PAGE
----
Roanoke College Junior Presents at ASM Conference in San Francisco

by roanokecollege on September 8, 2012

Dr. Brooks Crozier and Reid Mizelle presenting at the ASM conference

Reid Mizelle presented his research project, “The qPCR Detectability of a Bovine-Associated Genetic Marker in Composite Fecal Mixtures and in Microcosms”, at the General Meeting of the American Society for Microbiology in San Francisco this past June. The majority of the attendees at this conference were faculty and graduate students, very few undergraduate students so “for Roanoke College to have a student go to this is fantastic” states Dr. Brooks Crozier, Reid’s faculty mentor.  Dr. Crozier goes on to explain that conferences such as this one are “a good way for students to meet future graduate school faculty as well as students already in graduate school…those connections are critical.” This was Reid’s first time presenting at a national conference and he notes that the highlight was getting to meet a lot of big names and top people in the field. Reid even had the opportunity to meet a microbiologist whose work was referenced in his project.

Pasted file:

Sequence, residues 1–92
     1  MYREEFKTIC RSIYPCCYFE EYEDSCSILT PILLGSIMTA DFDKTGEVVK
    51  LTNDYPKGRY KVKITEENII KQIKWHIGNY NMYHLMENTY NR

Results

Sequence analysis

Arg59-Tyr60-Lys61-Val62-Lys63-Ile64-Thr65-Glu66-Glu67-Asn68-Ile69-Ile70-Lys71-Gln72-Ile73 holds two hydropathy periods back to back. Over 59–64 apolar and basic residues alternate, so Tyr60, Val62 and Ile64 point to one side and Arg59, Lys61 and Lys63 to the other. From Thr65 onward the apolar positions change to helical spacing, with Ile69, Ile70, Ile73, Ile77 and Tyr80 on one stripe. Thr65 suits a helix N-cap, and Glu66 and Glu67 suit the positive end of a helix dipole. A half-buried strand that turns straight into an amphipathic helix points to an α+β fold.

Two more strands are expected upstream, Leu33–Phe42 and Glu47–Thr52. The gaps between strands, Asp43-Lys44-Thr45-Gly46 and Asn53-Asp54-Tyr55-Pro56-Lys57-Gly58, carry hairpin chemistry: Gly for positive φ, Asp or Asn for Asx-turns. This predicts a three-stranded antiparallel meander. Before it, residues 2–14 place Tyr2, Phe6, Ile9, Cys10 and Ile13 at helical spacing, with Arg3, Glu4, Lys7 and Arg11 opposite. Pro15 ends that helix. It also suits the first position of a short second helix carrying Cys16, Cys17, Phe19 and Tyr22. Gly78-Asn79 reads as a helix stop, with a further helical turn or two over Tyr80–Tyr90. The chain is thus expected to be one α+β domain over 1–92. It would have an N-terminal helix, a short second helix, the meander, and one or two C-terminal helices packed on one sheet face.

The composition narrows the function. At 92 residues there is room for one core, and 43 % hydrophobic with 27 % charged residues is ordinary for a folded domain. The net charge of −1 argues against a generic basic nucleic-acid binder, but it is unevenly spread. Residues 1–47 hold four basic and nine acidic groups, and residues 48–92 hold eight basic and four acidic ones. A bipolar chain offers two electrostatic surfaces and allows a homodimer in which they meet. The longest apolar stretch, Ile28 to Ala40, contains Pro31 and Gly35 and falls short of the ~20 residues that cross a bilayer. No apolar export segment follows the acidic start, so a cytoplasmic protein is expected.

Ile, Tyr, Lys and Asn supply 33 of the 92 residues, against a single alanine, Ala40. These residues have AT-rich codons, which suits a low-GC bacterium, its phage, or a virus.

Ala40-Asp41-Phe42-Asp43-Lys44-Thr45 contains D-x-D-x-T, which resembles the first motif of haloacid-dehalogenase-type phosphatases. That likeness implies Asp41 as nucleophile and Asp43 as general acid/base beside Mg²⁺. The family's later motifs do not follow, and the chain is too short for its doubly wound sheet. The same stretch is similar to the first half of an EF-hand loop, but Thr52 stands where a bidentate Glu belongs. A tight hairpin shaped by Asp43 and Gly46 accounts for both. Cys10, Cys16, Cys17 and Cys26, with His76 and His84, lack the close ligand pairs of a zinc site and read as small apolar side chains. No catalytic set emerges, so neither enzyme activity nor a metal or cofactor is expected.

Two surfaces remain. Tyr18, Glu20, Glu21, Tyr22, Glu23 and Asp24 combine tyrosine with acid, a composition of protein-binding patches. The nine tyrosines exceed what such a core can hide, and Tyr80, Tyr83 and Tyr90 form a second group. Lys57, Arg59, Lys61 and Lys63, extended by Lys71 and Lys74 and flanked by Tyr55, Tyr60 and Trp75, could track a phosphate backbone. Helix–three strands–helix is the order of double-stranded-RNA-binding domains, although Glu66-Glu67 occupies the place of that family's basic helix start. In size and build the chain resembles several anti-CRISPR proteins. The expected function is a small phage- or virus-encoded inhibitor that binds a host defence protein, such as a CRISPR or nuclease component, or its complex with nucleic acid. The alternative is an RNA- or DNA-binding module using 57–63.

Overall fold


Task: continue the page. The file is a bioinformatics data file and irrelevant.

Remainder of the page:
Reid transferred to Roanoke College at the start of his sophomore year. He had been involved with Microbiology based research at his previous school and knew coming in that he wanted to do research here as well. Reid mentions that this has been “one of the best things I can take away from my undergraduate career. I’ve learned things in three years of undergrad that most people won’t get to; it gives me a step up.” Dr. Crozier points out that “I fully involve my students in my research projects to the point where they are helping to drive it.” He also mentions that Reid is “one of the most motivated students I’ve had” and that high motivation is what will get a student the opportunity to present at a national conference.

Reid’s advice to incoming freshman thinking about research is to “jump in the lab as soon as you can, the earlier you do, the more advanced your research can become.” Dr. Crozier recommends that freshman not only talk to their professors and advisors but also, “when other students are in a research lab, poke your head in and take a look at it.”

For more information on the General Meeting of the American Society for Microbiology you can visit:

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